From Messiaen and Boulez to Reich and Zappa, no musician after Stravinsky could fail to be influenced by his revolutionary score.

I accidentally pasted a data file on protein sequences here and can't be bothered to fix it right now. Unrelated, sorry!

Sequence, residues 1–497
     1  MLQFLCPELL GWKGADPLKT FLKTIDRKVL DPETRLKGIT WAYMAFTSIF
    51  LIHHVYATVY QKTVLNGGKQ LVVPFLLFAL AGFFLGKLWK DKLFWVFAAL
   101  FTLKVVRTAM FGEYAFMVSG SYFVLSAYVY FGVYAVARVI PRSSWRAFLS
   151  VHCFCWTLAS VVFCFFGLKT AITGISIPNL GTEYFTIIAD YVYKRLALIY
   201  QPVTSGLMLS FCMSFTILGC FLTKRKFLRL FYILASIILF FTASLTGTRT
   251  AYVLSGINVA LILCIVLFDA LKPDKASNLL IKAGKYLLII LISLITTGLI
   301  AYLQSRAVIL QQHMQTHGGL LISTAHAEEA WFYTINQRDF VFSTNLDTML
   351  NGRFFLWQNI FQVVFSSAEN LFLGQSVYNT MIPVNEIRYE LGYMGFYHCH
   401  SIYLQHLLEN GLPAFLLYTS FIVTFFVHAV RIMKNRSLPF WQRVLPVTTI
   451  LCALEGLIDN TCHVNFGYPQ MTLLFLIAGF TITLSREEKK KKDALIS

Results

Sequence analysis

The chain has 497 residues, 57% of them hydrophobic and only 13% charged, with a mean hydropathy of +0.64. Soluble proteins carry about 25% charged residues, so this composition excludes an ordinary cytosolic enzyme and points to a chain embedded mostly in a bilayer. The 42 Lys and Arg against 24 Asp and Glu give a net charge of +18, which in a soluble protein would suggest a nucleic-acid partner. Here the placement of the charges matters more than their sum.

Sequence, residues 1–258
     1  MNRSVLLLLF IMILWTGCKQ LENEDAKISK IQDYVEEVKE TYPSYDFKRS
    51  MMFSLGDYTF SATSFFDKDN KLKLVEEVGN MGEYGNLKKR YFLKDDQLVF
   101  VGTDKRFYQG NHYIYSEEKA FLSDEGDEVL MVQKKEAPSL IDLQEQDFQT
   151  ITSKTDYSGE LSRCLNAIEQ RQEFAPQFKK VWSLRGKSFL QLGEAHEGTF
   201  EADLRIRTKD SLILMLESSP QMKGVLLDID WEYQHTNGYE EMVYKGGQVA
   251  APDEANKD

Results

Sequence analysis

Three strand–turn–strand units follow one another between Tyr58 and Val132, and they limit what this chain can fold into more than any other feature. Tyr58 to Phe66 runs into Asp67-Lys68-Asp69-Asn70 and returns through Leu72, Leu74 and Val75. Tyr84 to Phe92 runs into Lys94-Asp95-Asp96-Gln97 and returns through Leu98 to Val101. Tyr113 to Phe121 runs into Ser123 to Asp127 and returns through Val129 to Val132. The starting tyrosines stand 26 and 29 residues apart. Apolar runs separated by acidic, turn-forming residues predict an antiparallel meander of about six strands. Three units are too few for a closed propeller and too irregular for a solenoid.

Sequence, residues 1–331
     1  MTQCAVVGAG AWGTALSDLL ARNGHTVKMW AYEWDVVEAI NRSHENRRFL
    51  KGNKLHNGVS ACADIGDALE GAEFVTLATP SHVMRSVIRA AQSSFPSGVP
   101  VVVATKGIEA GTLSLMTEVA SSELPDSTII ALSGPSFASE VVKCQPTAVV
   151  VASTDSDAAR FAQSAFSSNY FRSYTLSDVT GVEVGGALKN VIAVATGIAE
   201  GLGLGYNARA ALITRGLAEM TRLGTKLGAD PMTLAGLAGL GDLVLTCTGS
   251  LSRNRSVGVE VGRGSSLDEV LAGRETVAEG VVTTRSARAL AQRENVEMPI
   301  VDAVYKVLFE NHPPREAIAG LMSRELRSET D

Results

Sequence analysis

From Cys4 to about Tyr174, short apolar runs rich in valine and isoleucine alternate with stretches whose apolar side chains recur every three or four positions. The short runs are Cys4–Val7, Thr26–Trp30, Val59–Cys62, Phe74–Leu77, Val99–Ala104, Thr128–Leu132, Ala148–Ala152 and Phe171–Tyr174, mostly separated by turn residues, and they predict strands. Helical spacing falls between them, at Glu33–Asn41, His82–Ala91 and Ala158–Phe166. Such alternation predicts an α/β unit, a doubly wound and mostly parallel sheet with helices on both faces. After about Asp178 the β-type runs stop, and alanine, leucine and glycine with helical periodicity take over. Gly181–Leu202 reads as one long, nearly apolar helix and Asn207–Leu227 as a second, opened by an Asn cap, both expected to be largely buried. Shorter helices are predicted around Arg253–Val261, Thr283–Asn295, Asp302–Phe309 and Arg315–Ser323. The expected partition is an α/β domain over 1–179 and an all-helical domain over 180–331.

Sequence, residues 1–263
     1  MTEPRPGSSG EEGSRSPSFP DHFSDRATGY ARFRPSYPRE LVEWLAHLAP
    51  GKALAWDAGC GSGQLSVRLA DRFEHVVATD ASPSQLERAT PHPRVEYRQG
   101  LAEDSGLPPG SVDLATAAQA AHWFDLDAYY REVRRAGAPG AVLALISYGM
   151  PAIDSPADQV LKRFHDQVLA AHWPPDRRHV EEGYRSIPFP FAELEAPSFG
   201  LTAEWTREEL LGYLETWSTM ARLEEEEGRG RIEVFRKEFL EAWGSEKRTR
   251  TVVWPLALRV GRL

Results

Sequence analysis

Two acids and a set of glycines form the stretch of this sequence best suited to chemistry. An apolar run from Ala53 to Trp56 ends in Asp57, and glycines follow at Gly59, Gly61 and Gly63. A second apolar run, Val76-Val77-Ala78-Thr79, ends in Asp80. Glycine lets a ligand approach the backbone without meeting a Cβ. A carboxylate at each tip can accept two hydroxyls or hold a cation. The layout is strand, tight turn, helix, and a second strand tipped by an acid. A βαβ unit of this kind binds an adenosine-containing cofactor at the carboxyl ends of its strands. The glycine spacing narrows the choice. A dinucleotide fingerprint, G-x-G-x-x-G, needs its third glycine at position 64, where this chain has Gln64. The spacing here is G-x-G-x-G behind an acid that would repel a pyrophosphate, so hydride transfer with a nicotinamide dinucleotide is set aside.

And so music could never be the same again… The morning after the premiere before, every musician in Paris woke up with  The Rite of Spring pulsating through their being. And there were no exceptions. Bassoonists were gripped by vertigo. It was reported in the local Paris press that one such bassoon practitioner, during his orchestra’s accompaniment of Mozart’s  Don Giovanni, started twitching frantically before pitching every note three octaves higher than written. Meanwhile, string players were forbidden from articulating melodic lines with up-bows by French government decree: each note now had to be pounced on with a punky down-bow. In a culture once proud of its chanson tradition, timpanists were the new stars. All around Montmartre, and later migrating to the provinces, nightclubs opened where adoring crowds could assemble to witness the stick-tastic spectacle of timpanists recreating their moves from  The Rite; two shows each night, three on Saturdays. And, to seal the deal in this post- Rite of Spring environment, a committee of composers was convened to rewrite (or as Poulenc wryly put it, ‘re-Rite’) every pre-existing piece of music after the image of...

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